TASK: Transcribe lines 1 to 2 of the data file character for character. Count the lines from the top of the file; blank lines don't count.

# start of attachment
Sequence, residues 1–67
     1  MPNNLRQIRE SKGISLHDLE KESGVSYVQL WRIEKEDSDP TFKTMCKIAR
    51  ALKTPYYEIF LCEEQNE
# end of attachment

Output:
Sequence, residues 1–67
     1  MPNNLRQIRE SKGISLHDLE KESGVSYVQL WRIEKEDSDP TFKTMCKIAR